Annals of Tigernach and Annals of Ulster

Of the various sets of Irish annals, the two that have most relevance to this website are the Annals of Tigernach and the Annals of Ulster. Both are written in a mixture of Latin and Irish.

The Annals of Tigernach is the name given to the remnants of a compilation, the important parts of which – fragments covering the periods 489–766, 974–1003 and 1018–1178 – are preserved in a 14th century manuscript (Oxford, Bodleian MS Rawlinson B 488). The annals are named from Tigernach ua Braein, abbot of Clonmacnoise, who is traditionally credited with compiling the work down to his death in 1088. This attribution is, however, now thought to be groundless, but the name, being well established, remains.

Actually, the dates given to the fragments are inferred – the Annals of Tigernach does not typically employ Anno Domini dating (there are a handful, intermittently from 1024). The beginning of each successive annal is indicated by K. or Kl., standing for the Kalends (i.e. the first day) of January. Except in the central section – annals falling after 656 and before 1019 – a ‘ferial number’ is normally added to designate the day of the week on which the Kalends of January fell in that year. For instance, K.iii. means that 1st January was on a Tuesday (3rd day of the week) that year – a circumstance which will not occur again for twenty-eight years. The numerals, though, are prone to scribal error.[*] From 1019 onwards the moon’s age on 1st January (the ‘epact’, a nineteen year cycle) is added to the ferial number. For the central section there is neither ferial nor epact data. Dating entries in the Annals of Tigernach is generally achieved by comparing them with entries in the Annals of Ulster, which do have A.D. references. In fact, the earliest fragment of the Annals of Tigernach mentioned above, 489–766, shares a common, no longer extant, ancestor text with the Annals of Ulster.

The Annals of Ulster cover the period from 431 until 1540. Compilation began in the late-15th century, under the direction of one Cathal Óg Mac Maghnusa (who died of smallpox in 1498), and up to 1489 the manuscript (Dublin, Trinity College MS 1282) is the work of a single scribe: Ruaidhri Ó Luinín. Parts of this original manuscript are missing – some of the gaps can be filled from a 16th century copy (Oxford, Bodleian MS Rawlinson B 489).

There is, however, a well known difficulty with the A.D. sequence presented by the Annals of Ulster. Marjorie O. Anderson explains:

… something must be said about the A.D. year-numbers in AU [Annals of Ulster], which afford the usual and the only convenient method of reference. They are written in the original hand, but were certainly introduced into the text no earlier than the tenth century. The first item, the mission of Palladius to Ireland, is dated “A.D. 431”, which is the true year to be inferred from Prosper’s chronicle; and thereafter AU’s numbering is continuous. But the year sections down to the actual year 1013 are one too few. Assuming that the fault was not original, a year-section must have been lost by a copyist, perhaps somewhere in the 480s, certainly at some point before the end of the seventh century, since from about 700 onwards the addition of one to AU’s year-number usually gives the true historical date, in those cases where it can be checked. But in the sixth and seventh centuries this is so for only a minority of checkable entries.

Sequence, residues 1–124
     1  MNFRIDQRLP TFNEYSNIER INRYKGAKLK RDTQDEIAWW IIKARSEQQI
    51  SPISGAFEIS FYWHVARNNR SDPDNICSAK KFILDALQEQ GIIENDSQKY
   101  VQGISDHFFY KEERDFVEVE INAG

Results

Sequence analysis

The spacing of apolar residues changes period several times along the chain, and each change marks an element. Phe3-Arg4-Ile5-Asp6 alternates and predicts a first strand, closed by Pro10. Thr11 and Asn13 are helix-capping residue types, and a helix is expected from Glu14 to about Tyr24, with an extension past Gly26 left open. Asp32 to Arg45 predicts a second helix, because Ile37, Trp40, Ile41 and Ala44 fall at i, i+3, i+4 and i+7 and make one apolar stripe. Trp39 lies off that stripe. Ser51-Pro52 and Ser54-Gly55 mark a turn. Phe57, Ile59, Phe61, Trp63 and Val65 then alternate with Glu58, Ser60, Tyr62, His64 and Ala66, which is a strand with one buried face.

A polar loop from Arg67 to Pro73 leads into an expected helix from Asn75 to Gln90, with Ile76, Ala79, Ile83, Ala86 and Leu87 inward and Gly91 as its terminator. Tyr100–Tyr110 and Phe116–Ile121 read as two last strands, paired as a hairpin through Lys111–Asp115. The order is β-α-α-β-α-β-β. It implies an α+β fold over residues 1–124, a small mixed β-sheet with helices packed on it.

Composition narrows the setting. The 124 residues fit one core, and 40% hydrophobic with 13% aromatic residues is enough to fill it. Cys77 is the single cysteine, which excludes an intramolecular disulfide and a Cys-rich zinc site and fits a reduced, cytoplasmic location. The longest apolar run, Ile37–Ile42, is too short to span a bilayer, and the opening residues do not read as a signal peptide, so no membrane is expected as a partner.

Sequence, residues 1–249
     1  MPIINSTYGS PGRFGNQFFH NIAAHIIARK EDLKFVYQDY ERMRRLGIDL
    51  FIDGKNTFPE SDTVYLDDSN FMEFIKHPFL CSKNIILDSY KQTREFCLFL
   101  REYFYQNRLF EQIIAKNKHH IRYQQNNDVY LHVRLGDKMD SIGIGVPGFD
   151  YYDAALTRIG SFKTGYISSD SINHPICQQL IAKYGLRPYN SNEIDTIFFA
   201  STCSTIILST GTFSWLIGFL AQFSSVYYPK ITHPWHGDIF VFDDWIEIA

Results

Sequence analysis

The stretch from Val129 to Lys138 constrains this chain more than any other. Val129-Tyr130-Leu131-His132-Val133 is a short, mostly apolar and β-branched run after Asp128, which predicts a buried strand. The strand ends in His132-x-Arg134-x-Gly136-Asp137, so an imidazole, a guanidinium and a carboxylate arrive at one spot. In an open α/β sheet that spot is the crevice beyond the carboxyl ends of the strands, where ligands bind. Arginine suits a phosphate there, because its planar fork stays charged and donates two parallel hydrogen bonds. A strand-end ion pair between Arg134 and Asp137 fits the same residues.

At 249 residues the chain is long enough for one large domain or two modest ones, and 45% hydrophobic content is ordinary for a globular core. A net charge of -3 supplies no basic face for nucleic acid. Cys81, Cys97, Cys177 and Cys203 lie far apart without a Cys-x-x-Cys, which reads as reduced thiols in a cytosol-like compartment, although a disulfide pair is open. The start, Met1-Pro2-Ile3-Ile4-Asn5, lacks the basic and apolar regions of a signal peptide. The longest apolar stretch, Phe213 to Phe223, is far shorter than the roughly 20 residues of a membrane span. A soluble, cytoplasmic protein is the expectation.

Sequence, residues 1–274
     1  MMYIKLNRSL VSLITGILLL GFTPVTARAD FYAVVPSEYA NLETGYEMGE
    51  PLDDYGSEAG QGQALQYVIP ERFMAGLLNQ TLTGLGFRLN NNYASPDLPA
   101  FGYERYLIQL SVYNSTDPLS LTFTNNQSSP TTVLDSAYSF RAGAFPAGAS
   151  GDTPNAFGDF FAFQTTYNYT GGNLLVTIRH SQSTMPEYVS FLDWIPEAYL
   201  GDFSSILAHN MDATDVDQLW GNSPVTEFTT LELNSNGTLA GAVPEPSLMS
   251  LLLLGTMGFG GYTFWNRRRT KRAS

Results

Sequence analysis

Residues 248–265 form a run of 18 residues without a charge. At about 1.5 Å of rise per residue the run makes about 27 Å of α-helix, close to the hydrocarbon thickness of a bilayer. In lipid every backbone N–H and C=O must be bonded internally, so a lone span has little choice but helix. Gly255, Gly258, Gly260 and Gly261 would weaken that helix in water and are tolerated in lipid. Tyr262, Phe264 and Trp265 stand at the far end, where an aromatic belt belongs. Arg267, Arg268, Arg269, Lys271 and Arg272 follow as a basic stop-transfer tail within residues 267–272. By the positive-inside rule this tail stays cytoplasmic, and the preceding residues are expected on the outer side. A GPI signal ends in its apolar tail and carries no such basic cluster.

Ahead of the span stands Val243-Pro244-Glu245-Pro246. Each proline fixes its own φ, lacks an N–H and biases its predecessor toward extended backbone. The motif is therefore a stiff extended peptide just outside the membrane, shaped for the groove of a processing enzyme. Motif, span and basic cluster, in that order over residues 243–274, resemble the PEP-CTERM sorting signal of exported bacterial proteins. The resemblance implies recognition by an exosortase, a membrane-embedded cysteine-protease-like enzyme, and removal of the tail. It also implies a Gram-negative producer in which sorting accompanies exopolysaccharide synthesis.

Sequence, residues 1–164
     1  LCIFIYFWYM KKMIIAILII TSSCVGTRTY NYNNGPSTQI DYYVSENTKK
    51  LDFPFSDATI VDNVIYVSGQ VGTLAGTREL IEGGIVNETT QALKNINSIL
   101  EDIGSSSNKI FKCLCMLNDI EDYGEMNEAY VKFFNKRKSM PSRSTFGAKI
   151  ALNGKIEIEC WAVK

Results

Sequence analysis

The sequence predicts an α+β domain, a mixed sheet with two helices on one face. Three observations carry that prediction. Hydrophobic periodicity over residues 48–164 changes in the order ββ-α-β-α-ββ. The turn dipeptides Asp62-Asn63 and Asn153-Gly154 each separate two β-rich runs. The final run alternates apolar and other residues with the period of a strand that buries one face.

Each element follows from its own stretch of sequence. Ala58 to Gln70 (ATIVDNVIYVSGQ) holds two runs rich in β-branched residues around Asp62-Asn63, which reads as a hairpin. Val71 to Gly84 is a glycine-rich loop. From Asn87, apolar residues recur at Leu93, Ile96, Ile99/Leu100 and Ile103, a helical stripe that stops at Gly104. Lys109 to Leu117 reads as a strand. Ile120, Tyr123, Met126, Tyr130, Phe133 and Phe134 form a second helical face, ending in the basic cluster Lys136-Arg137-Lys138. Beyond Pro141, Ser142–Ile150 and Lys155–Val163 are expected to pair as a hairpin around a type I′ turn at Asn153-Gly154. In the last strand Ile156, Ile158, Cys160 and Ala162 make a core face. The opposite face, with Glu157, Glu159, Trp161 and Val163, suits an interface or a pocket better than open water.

Kings and Kingship in Early Scotland Revised Edition (1980) Chapter 1 (pp.5–6)

In the interests of simplicity, the convention of incrementing annals dated 488–1012 by one year has been followed on this website.[*] However, as Marjorie Anderson noted, pre-700 the appropriateness of this convention is not clear-cut. After analysing the contents of several sets of Irish annals, Daniel P. Mc Carthy has concluded that the Annals of Ulster’s A.D. dates are consistently one year behind 662–1012, but 457–661 the situation is rather more volatile, and he has produced look-up tables (freely available online) in which entries from the various sets of annals are displayed in synchronism on an A.D. framework.[*] Of course, whatever ‘correction’ is applied to the A.D. dates, there is no guarantee that the result will be historically correct – an event might simply have been assigned to the wrong annal.

This is the convention adopted by Mac Airt and Mac Niocaill in their edition/translation of the Annals of Ulster (1983). In a critique of this publication, David N. Dumville writes:
… it is difficult to understand why the traditional redating of annals 488–1012 as 489–1013 has been retained; it can only confuse the untutored user. Dr Marjorie Anderson warned, some years ago, against this simplistic ‘solution’ to the problems of AU’s chronological structure. For one thing, it is not clear that the correct point of transition to the ‘corrected’ chronology has been chosen. The ferial data entered in the hand designated H2 seem to make it clear that the missing year has been lost between the annal dated 481 and that dated 486; if correction by one year is to be made. therefore, the edition's ‘486’ and ‘487’ should become ‘487’ and ‘488’.
‘On Editing and Translating Medieval Irish Chronicles: The Annals of Ulster’, Cambridge Medieval Celtic Studies Vol. 10 (1985)
It’s easy to appreciate that an i might be inadvertently dropped from or added to a numeral during copying, but a common error that doesn’t immediately spring to mind is, due to writing-styles, the confusion of ii (i.e. 2) and u (i.e. 5).
Dr Mc Carthy is in the Department of Computer Science, Trinity College Dublin. His accompanying article ‘Chronological Synchronisation of the Irish Annals’ (2005) is also available online.